Activist group draws praise, ire over tactics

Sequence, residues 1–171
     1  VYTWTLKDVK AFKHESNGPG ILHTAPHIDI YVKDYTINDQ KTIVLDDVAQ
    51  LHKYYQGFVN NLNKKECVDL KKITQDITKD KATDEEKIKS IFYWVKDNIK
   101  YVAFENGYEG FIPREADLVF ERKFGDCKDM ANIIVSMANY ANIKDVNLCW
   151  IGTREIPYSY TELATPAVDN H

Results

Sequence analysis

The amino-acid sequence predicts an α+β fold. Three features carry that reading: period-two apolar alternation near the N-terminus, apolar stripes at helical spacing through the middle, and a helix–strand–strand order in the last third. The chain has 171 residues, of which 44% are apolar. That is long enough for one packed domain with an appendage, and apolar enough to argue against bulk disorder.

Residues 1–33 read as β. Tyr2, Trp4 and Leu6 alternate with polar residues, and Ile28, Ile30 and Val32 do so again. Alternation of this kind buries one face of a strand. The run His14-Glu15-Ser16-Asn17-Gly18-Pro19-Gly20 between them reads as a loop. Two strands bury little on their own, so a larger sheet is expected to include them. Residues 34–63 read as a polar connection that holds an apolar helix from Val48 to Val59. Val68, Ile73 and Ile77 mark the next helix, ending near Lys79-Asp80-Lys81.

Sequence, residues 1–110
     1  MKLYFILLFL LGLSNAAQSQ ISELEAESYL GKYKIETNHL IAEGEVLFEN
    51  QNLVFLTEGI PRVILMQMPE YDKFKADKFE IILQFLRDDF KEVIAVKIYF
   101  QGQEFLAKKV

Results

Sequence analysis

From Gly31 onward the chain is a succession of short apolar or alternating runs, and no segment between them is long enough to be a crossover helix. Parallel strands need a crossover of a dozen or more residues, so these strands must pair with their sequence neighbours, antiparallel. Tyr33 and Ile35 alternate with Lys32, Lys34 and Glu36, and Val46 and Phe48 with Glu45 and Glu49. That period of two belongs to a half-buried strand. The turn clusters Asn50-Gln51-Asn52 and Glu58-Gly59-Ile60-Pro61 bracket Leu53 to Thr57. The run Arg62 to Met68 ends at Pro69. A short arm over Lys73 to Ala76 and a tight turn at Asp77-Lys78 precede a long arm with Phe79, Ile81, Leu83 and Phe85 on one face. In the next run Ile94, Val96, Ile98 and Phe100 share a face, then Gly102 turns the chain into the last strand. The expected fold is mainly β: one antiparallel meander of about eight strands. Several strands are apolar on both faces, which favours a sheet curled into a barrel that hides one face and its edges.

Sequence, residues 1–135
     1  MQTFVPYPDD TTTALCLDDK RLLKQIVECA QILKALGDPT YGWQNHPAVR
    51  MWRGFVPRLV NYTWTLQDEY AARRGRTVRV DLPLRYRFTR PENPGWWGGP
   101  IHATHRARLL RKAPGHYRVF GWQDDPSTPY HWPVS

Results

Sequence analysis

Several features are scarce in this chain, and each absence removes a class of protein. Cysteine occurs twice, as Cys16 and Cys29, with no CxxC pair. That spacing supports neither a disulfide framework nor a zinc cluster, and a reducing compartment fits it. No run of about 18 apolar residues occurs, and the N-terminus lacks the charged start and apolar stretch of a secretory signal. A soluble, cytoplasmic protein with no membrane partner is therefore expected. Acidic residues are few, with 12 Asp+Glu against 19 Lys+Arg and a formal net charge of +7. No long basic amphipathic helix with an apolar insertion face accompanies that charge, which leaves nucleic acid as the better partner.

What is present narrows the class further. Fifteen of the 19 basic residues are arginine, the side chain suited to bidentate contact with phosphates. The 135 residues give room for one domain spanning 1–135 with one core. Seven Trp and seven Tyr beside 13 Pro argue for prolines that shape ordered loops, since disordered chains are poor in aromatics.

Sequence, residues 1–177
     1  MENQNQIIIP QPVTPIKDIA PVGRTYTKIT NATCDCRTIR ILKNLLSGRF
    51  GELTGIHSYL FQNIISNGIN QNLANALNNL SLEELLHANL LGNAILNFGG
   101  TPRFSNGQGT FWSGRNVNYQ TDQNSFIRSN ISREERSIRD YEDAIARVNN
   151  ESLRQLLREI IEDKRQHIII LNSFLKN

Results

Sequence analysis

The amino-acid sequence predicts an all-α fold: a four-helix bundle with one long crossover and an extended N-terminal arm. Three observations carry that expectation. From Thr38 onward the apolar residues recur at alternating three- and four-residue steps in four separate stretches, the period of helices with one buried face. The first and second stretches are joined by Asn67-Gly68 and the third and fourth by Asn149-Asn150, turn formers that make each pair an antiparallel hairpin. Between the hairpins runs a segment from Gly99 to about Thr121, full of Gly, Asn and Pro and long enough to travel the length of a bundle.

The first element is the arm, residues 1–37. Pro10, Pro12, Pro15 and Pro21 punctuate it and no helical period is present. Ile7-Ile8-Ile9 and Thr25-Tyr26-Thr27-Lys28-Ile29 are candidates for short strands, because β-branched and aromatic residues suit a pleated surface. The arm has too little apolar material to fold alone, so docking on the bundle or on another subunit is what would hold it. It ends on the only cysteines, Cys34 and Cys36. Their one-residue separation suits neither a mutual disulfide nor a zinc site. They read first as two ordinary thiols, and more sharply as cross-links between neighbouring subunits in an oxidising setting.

Monday, August 28, 2006 Ohio has six ACORN offices throughout the state. COLUMBUS (AP) — In the three years since it arrived in Ohio, the group known as ACORN has been praised for its advocacy for low-income families but also has become a lightning rod for criticism of its tactics. The Association of Community Organizations for Reform Now Known calls itself the nation's largest advocate for low- and moderate-income families. Since the group set up shop in Columbus, people it pays to register new voters have twice been accused of fraud. Last week, the Franklin County Board of Elections said some signatures appeared forged on a petition seeking a vote to consider raising Ohio's minimum wage. "ACORN is the poster child of registration fraud," said state Sen. Jeff Jacobson, a Dayton-area Republican, adding that "people may disagree with their tactics, but no one disagrees with their goal" of getting more people to take part in politics. ACORN has fired workers suspected of fraud and worked with Franklin County officials to investigate, said Katy Gall, head organizer for Ohio ACORN. The group has "zero tolerance for any shenanigans," she said. New voters ACORN said it registered 189,000 new voters in Ohio for the 2004 presidential election, many in heavily Democratic areas. Its critics are often Republican and its defenders Democratic. The group has helped raise interest in urban areas about the proposed minimum wage increase that supporters hope to get on the Nov. 7 ballot, said Brian Rothenberg, spokesman for the Ohio Democratic Party. "It's hard to go door-to-door without running into some impact they've had," he said. But some neighborhood groups have criticized ACORN, saying it deceives people into membership and is trying to replace the smaller organizations. ACORN was founded in Arkansas in 1970 and now has a presence in 100 cities in 37 states, the District of Columbia, Canada and Latin America. Active state Ohio is one of the most active states, with six offices in Columbus, Cleveland, Cincinnati, Akron, Dayton and Toledo. In Columbus, ACORN has taken on issues such as broken street lights, contaminated ponds and abandoned houses, as well as the minimum wage and health care. ACORN members knock on doors and talk to residents in an effort to determine which issues to present to corporate executives and politicians, said Barbara Clark, ACORN's local organizer. "There's power in numbers," Clark said. "They hear better if they hear more people." She said the group refuses to let politicians tell them what to do. "We tell the city, 'We're taxpayers. This is what you're going to do,'" she said. Copyright 2006 Associated Press. All rights reserved. This material may not be published, broadcast, rewritten, or redistributed.

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